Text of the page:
A true story about the terrible toll of untreated mental illness on an American family. A Texas woman, obsessed with a beautiful little girl and determined to have one just like her, sets off on the singleminded pursuit of the child's father that takes a series of bizarre turns-- deception, male rape, cross-border flight-- and leaves her with triplet boys instead. Raised in a world of chaos, the boys rely on each other to survive while their father remains ignorant of the fate of his sons for decades.

  • Nadia Ramoutar
    It's Huge
  • H. James Glmore
    Cracking Aces, The Forgiving Earth, Men at Work, Great Aunt Mabel
  • H. James Gilmore
  • Nadia Ramoutar
  • Project Type:
  • Genres:
    Social Issue, Mental Health
  • Runtime:
    60 minutes
  • Completion Date:
    July 10, 2019
  • Production Budget:
    3,000 USD
  • Country of Origin:
    United States
  • Country of Filming:
    United States
  • Language:
  • Shooting Format:
  • Aspect Ratio:
  • Film Color:
  • First-time Filmmaker:
  • Student Project:
  • Lost River Film Festival
    San Marcos, TX
    United States
    October 18, 2019
    World Premiere
    Official Selection
  • Red Dirt Film Festival
    Stillwater, OK
    United States
    March 7, 2020
    Oklahoma Premiere
    Best Director (Documentary)
  • Deep Focus Film Festival
    Brooklyn, NY
    United States
Director Biography - Nadia Ramoutar, H. James Glmore

NADIA RAMOUTAR is a writer, artist and director who focuses on stories which give a voice to the voiceless. She was born in Dublin, Ireland to an Irish mother and an Indian father and her work often focuses on issues of diversity and inclusivity. She lived in America for many years, working in media and also teaching college. She returned to Ireland and currently lives in Co. Wicklow where she is actively creating and consulting on stories which show life from the underdog’s perspective. She holds a Ph.D. in Communications from the University of Florida.

H. JAMES GILMORE (co-director/editor) is a documentary filmmaker whose work focuses on culture, social justice and history. He is the director of over 20 films on a variety of topics, from ZIMBABWE: A RACIAL REVOLUTION (1988) about the transition from white-ruled Rhodesia to black-ruled Zimbabwe, to CRACKING ACES (2018) which profiles the groundbreaking women who fought to shatter the glass ceiling of professional poker. Gilmore holds a MA in Broadcasting and Film from the University of Iowa and serves as executive producer of Acadia Pictures, an independent production company he founded in 1995. In addition to his work in film, he is the associate director of the Acadia Institute of Oceanography in Seal Harbor, Maine.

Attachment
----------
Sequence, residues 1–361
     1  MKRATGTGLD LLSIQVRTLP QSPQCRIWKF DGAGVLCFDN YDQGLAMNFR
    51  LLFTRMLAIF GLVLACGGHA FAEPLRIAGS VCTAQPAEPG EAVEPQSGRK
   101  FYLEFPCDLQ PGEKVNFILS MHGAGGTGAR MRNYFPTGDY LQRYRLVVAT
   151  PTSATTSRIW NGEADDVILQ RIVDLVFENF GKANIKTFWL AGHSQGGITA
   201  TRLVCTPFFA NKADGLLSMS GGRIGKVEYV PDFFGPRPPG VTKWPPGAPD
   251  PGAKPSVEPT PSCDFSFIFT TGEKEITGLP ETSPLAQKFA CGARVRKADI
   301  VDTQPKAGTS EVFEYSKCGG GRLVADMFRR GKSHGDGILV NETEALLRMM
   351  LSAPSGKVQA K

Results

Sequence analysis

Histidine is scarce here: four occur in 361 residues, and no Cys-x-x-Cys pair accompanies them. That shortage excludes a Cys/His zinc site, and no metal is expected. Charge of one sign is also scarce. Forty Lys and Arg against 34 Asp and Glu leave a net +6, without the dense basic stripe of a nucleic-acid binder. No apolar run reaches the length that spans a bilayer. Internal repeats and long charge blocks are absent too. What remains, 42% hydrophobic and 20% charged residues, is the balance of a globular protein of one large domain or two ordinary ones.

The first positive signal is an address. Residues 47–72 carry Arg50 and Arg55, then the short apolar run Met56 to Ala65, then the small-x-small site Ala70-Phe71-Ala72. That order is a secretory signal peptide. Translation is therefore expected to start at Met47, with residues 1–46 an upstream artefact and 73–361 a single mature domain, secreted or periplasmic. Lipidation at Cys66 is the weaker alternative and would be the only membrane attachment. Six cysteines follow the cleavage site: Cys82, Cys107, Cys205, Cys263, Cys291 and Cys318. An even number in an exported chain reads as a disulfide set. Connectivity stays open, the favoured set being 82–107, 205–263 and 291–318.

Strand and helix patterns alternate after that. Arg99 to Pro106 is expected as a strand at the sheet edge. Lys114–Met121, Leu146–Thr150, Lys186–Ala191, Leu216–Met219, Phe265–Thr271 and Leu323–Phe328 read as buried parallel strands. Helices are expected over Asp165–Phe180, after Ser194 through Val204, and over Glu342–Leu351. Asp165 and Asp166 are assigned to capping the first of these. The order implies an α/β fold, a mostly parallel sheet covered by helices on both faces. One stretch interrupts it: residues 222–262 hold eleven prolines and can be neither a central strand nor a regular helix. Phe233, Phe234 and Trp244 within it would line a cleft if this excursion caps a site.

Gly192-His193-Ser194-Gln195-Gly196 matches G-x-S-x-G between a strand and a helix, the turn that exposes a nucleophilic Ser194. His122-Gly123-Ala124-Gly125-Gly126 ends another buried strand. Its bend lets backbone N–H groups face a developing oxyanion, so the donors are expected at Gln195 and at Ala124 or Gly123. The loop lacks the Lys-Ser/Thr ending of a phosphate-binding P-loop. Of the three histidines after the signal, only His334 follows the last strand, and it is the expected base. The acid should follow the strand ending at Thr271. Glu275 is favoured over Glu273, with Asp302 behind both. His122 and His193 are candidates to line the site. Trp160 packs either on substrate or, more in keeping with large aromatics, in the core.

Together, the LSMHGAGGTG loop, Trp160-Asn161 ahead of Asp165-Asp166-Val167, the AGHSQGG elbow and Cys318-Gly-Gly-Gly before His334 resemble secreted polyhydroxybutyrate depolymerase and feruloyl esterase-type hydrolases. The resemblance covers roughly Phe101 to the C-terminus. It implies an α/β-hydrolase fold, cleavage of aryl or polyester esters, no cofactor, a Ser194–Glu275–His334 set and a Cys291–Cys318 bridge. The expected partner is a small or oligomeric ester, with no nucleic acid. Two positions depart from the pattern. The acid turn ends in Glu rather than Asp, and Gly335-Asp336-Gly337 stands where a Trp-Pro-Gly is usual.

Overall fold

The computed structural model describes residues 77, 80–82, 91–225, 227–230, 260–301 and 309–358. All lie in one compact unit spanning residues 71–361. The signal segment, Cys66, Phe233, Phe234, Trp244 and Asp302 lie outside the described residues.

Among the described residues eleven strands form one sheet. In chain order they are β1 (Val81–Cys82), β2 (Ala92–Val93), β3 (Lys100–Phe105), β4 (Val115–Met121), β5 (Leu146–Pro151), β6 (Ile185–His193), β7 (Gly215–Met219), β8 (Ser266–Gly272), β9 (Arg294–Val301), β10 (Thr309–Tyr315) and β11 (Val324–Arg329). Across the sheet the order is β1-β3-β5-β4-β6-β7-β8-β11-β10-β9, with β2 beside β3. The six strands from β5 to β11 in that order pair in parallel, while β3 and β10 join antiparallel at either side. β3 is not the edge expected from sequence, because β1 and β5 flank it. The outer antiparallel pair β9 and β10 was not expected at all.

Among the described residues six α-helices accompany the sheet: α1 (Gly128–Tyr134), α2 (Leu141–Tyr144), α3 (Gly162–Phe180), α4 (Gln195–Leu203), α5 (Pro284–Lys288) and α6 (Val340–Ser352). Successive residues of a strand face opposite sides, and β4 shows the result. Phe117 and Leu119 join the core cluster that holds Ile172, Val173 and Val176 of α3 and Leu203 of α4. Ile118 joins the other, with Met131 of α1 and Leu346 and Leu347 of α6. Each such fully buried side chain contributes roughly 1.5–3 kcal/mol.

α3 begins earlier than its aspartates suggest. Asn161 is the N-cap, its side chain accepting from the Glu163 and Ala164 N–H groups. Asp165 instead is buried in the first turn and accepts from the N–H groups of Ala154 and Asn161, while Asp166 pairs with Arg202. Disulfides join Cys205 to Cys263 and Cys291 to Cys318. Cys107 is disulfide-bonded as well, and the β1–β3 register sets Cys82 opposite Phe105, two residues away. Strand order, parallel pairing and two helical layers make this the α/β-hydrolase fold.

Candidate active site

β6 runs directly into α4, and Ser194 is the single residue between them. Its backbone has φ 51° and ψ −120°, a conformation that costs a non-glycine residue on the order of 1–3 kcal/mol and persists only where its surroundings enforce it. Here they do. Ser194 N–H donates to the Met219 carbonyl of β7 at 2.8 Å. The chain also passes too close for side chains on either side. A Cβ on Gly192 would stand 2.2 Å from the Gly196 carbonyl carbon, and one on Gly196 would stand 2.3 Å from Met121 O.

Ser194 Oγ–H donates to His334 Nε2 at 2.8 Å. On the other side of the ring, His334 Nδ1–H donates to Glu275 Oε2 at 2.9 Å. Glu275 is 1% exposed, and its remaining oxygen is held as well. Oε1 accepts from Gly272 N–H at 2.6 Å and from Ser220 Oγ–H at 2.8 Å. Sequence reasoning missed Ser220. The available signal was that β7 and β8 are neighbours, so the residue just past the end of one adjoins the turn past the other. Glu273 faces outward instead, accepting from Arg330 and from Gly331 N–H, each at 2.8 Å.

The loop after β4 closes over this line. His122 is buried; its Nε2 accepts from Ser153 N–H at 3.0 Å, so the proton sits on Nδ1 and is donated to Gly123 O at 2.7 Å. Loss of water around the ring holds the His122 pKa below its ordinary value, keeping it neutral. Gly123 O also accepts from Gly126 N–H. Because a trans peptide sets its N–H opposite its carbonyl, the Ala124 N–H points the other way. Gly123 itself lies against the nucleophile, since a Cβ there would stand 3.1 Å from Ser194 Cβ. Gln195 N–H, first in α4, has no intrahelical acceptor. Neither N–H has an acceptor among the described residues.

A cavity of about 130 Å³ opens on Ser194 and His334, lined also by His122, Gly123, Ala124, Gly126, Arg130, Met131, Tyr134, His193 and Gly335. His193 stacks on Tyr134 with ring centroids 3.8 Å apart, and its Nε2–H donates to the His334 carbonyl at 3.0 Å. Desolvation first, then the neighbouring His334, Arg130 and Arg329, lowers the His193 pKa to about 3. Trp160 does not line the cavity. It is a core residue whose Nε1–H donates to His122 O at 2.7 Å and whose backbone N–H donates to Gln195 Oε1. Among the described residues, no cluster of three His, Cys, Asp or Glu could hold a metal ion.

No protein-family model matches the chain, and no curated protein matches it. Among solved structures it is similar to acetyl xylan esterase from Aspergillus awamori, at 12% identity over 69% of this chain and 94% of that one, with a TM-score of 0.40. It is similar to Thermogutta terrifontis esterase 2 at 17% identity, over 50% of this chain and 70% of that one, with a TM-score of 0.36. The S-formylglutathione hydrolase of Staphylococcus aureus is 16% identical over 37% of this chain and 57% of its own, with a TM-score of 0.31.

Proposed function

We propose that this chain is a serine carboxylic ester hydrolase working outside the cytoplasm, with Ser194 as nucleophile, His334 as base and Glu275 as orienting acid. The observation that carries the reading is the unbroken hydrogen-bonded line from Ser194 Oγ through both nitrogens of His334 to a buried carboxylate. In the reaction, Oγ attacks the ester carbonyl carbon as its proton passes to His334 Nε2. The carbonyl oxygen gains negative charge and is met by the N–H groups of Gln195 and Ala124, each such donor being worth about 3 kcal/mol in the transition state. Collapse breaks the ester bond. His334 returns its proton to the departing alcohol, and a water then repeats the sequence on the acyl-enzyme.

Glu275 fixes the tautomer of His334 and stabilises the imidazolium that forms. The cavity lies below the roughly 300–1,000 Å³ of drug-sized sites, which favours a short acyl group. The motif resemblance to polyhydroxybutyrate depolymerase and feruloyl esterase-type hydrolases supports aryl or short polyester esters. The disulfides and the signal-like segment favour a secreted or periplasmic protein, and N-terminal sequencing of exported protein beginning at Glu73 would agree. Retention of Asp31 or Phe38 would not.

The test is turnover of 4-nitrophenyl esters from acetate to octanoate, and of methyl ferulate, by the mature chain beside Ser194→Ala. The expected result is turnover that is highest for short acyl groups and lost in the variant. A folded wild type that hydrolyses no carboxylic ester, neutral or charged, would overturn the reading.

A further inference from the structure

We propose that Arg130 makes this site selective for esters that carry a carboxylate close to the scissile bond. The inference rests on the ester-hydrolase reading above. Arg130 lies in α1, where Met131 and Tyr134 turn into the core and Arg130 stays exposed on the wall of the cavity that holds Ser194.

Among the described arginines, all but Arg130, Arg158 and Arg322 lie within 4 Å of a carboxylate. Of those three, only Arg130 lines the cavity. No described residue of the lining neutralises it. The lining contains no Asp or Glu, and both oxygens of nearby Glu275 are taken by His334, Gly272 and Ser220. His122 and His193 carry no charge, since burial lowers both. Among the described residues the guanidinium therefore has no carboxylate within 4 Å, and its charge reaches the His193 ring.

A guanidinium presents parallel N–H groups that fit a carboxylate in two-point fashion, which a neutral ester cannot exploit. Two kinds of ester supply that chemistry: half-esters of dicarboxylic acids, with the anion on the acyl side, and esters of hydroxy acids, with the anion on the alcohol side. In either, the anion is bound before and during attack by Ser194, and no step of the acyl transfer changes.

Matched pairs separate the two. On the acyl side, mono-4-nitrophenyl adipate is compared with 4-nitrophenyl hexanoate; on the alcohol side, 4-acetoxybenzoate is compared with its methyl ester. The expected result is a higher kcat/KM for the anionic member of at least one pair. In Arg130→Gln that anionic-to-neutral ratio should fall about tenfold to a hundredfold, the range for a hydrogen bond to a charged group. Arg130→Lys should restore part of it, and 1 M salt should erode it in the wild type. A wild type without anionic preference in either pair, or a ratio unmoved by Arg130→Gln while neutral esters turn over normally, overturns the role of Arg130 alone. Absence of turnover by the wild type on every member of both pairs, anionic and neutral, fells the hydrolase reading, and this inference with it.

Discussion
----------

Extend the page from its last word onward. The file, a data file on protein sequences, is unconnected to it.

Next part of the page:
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Director Statement

Dear Programming Committee:

As an Irish female film director, I am pleased to present TRIPLEX for your consideration. This underground documentary, produced on a shoe-string budget of under $3,000, is a family drama about triplet boys who grew up with a mentally ill mother in Texas while living a life of poverty and fear built on a lie.

Told by their mother that they were the result of a one night stand with an absent father who wanted nothing to do with them, it wasn’t until decades later that they discovered the truth: their mother had taken fertility drugs and entrapped their father—a Vietnam Veteran-- and deliberately gotten pregnant in hopes of having a beautiful baby girl. She got three boys instead. After getting child support from the father, she abducted the boys, taking them and hiding them in the mountains of New Mexico. They had no idea their father was looking for them until their half-sister, after years of searching, found them online via social media.

This story defies anything that anyone ever imagined about good parenting and tells a twisted tale that unraveled in the midst of filming. Covering universal themes of mental health and the toll it takes on families, the story is also a bizarre quest for the elusive “American Dream.”

This film is somewhat experimental in form, engaging the viewers like voyeurs at a family reunion where the secrets being revealed are unknown to the other relatives. It is a documentary that combines elements of psychological suspense, human melodrama and black comedy. It is also a heart-breaking testament of survival as we witness three grown men haunted by painful and suppressed memories of a childhood they seek to forgive-- although they cannot forget.

I live in Wicklow, Ireland and my co-director (H. James Gilmore) is a professor of screen studies at the University of Michigan in the USA. We are both experienced filmmakers and educators, and would be happy to attend and take part in questions, workshops, or panels in support of your festival.

With kind regards and in appreciation for your consideration,

Nadia Ramoutar, Director